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Dora Kim Moon's life is an example of the important role played by Korean women in building the Korean community in Hawai'i.
In 1903, when Koreans were being recruited for Hawai'i's sugar plantations, she was asked by the Methodists to go on one of the early voyages and serve as a "Bible woman," or missionary. Traveling with her child on the twenty-two-day passage, Dora comforted the sick and converted many of the immigrants to Christianity. She also met a scholarly man named Hong Suk Moon, whom she married shortly after the ship arrived in Honolulu.
With several other women, she formed a prayer group that, by 1905, had become the First Korean Methodist Church.
As more Korean women began to arrive in Hawai'i as picture brides, Dora started the Korean Women's Club, which taught reading and writing, and after the March first demonstration, she supported the independence movement. She later helped form the Korean Women's Relief Society, which further aided patriots in Korea, as well as their families.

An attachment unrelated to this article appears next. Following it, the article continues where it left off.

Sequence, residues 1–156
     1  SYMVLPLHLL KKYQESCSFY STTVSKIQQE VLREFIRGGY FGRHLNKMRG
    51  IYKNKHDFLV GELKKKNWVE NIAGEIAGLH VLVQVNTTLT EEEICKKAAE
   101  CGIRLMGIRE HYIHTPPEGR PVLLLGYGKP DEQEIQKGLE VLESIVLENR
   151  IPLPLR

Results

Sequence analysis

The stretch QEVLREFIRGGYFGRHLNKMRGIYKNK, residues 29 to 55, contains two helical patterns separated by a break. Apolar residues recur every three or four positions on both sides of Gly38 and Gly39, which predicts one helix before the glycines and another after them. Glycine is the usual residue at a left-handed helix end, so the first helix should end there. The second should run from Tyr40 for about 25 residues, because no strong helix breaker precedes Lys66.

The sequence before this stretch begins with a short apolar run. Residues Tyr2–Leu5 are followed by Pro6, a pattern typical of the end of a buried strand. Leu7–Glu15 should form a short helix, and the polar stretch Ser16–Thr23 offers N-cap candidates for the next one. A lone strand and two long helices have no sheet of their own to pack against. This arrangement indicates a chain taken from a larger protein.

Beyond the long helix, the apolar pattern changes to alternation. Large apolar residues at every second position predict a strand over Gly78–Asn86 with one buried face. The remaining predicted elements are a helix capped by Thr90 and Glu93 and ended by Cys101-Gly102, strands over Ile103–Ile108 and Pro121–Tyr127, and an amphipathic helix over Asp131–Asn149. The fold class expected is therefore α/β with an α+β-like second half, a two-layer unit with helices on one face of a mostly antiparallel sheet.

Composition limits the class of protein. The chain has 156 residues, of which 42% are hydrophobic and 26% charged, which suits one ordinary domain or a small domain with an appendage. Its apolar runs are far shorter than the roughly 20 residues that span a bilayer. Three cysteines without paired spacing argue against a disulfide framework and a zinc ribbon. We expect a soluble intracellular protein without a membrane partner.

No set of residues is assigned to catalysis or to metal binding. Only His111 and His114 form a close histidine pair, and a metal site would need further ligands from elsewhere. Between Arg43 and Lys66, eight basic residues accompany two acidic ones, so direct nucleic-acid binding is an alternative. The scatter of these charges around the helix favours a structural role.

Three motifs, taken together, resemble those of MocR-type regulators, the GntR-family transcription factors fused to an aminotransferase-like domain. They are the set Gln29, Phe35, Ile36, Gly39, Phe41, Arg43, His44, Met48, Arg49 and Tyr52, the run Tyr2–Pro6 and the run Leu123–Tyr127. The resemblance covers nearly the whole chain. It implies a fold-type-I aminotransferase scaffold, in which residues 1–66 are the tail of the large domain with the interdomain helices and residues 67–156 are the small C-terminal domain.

In 1931, Dora was appointed by the Methodist mission in Hawai'i to become a preacher. The following year, she started the Korean Missionary Society, which supported missionary work in Korea. By 1940, the First Korean Methodist Church had grown to more than four hundred members, and Dora held a major church office. During World War II, she rolled bandages for the American Red Cross. Until her death in 1971, at age ninety-three, she continued to serve the community.
Adapted from Notable Women of Hawai'i
"Dora Moon" sidebar adapted from Notable Women of Hawaii, edited by Barbara Bennett Peterson, University of Hawai'i Press, © 1984.